Posted: Friday 15 March 2013
by Kate Bradbury
A road near where I live is inhabited by a large colony of house sparrows, and a colony of swifts also breed there.
A road near where I live is inhabited by a large colony of house sparrows, and a colony of swifts also breed there. I don’t know what’s so favourable about conditions near a road – good nesting sites probably – but it’s lovely to see.
House sparrows have suffered huge declines in recent years, and have been wiped out of some urban areas altogether. It’s nice to know that – at least for now – the 'cockney sparrow' is doing well in this small patch of East London.
Having colonised many parts of the world, and with nearly four million breeding pairs still in the UK, it’s easy to think the decline of the house sparrow is nothing to worry about. But recent estimates suggest that numbers dropped by 71 per cent between 1977 and 2008. There are a number of factors that are likely to blame, including a lack of food and available nesting sites.
While adults are seed eaters, their chicks rely on small insects, including aphids. If there’s insufficient food for them to eat they can die. A page on the RSPB Liverpool website suggests that in order to prevent further declines, each breeding house sparrow pair needs to successfully rear five young, but one study found nest after nest of starving chicks.
We gardeners might not believe that aphids are in decline (we might even welcome such an event), but one thing that’s becoming increasingly obvious is that insects in general are less abundant than they used to be. Despite growing up in the built up suburbs of Birmingham in the 1980s, our car bonnet was always covered in splattered insects in summer. I can’t remember the last time I saw a car bonnet covered in insects.
If house sparrows visit your garden, why not put up nest boxes for them to raise their young? Planting a native hedge will also create habitats for insects and therefore food for sparrows. You could also take a more relaxed approach to your garden and give aphids free rein of your plants. What’s the worst that could happen?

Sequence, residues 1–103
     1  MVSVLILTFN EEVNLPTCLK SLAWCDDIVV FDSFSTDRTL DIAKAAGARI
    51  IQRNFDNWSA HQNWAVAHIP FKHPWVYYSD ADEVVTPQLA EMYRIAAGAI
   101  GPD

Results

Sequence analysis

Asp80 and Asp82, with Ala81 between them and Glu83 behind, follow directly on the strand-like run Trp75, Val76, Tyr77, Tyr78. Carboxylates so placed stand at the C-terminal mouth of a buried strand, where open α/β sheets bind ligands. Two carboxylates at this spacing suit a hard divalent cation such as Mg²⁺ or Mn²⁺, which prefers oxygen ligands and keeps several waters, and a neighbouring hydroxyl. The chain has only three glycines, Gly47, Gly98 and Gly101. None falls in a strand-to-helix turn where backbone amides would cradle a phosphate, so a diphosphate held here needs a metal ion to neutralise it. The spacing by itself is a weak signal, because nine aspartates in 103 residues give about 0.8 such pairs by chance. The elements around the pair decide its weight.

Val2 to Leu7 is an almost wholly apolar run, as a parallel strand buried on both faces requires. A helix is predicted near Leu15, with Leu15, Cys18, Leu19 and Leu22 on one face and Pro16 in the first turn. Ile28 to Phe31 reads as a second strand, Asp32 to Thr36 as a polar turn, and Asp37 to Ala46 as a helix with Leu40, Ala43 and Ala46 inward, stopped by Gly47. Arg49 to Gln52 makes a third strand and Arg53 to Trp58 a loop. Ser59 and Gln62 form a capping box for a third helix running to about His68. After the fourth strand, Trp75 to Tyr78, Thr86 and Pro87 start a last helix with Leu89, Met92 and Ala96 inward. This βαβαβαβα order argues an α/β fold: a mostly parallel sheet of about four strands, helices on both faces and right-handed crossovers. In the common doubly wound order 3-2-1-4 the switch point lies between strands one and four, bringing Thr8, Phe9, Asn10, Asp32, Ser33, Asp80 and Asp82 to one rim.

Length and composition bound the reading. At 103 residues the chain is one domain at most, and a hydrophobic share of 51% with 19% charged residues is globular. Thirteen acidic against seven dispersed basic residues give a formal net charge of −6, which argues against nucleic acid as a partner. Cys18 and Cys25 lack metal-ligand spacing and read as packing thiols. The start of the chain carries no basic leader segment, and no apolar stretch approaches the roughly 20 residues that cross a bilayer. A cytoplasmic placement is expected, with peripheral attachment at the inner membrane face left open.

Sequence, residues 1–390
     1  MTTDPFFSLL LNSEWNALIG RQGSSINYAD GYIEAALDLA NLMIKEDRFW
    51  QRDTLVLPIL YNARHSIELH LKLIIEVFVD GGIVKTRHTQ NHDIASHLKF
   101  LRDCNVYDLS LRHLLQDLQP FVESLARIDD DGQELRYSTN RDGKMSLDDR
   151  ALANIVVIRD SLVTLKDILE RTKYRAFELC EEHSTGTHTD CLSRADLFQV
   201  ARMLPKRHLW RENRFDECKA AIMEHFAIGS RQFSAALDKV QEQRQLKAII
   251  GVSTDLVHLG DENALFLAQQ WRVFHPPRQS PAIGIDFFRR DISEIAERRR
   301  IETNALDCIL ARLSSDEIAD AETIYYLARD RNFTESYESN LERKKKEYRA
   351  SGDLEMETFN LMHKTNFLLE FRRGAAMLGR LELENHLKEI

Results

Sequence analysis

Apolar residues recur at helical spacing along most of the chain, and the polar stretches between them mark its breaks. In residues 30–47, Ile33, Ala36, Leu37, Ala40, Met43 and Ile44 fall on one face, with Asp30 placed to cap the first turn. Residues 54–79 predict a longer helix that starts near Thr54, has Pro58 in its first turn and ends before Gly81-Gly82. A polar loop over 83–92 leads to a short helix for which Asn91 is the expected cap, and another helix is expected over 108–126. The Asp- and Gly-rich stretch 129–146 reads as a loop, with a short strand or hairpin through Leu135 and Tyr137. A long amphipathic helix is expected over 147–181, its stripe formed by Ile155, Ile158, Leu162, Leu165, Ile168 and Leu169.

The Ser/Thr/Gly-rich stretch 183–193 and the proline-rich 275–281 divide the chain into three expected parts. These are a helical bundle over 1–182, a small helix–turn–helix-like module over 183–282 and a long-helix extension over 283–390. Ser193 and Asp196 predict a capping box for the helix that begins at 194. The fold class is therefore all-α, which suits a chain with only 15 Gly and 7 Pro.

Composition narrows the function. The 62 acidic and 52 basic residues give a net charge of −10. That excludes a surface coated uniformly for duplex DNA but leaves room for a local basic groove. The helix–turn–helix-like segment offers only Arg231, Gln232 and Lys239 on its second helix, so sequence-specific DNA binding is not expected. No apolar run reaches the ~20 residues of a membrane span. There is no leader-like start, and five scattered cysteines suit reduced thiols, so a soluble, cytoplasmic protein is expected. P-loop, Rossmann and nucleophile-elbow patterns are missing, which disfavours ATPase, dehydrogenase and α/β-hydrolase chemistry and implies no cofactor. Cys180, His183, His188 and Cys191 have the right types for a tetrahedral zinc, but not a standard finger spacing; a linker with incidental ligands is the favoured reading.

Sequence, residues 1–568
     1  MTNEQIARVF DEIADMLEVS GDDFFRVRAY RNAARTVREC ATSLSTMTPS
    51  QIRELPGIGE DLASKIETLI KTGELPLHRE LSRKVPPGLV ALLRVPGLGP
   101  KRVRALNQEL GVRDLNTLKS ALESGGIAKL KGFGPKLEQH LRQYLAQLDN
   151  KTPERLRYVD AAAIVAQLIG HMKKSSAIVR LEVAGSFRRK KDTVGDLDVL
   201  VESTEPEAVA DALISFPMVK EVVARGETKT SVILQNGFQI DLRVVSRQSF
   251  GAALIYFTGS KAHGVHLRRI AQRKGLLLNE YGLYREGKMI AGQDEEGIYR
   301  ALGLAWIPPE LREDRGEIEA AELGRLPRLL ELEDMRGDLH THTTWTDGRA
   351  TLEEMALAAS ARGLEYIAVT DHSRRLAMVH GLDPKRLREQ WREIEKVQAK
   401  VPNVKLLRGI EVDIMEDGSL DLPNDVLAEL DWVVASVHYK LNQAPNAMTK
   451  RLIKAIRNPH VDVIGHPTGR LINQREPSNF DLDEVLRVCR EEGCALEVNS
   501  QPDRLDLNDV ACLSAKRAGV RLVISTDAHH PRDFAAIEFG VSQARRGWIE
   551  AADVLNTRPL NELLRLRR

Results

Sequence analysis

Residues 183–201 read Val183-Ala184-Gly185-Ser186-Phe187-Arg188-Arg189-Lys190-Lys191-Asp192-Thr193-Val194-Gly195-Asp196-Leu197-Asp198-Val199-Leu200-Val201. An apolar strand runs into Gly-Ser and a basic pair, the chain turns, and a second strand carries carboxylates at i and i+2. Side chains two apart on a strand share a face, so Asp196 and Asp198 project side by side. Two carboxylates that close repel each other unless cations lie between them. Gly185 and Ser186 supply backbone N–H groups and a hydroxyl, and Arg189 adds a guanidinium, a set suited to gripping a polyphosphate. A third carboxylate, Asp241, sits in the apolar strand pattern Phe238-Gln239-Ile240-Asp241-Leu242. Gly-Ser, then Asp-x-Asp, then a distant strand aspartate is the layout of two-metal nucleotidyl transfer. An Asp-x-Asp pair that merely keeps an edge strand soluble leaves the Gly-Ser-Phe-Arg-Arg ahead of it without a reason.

Do you have house sparrows in your area? Do they nest in your garden? Or have you not seen any for a while?
16/03/2013 at 18:41
In the eighties I used to stop counting at 20 when the sparrows descended on my garden. The wild patch og groud at the back of my garden was bought and tidied up by my neighbour. Loss of habitat meant loss of sparrows till about three tears ago. One arrived on its own and so far three have been feeding regularly with my robin, pair of blackbirds, pair of bramblings, three bluetits and one chaffinch. I have erected a birdbox and their are lots of hedges and a spinney in my garden so I hope to see my count increasing year by year.
16/03/2013 at 19:02
Loads of sparrows in our garden, they gobble up nearly all the birdfood I put out, even the fat balls, they're certainly not dying out here! Also bluetits, great tits, the odd robin, several blackbirds, occasional chaffinch and a fortnight ago dozens of starlings on their way back up north. The sparrows nest in every opening they can find under the roof and particularly in the virginia creeper growing over our shed. Next door neighbour has fitted special nesting boxes for swifts under the eaves. They come back every year almost on the same date. Love watching them swooping around endlessly, don't know where they get the strength from! The other day our neighbour watched a heron help himself to one of our goldfish. Luckily we have too many of them so we don't begrudge him the occasional one.
16/03/2013 at 19:13
Loads of sparrows here too ...nesting under roof tiles grrrrr , sparrow towers here , luxury accommodation
We have a heron who must have found fish in neighbours pond as see it daily
Lots of robins, blackbirds , bluetits, a wren and a woodpecker , finches and crows
16/03/2013 at 19:25
Never saw a house sparrow here for the first 20 odd years after I arrived. A couple appeared about three years ago and today I saw 4 or 5 in the garden. I'm glad they've arrived but was miffed to find that my yellow crocus flowers had been devoured. Pretty sure it was the spadgers, they always ate my mum's yellow crocuses.
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16/03/2013 at 19:34
By next week there will be many more Flo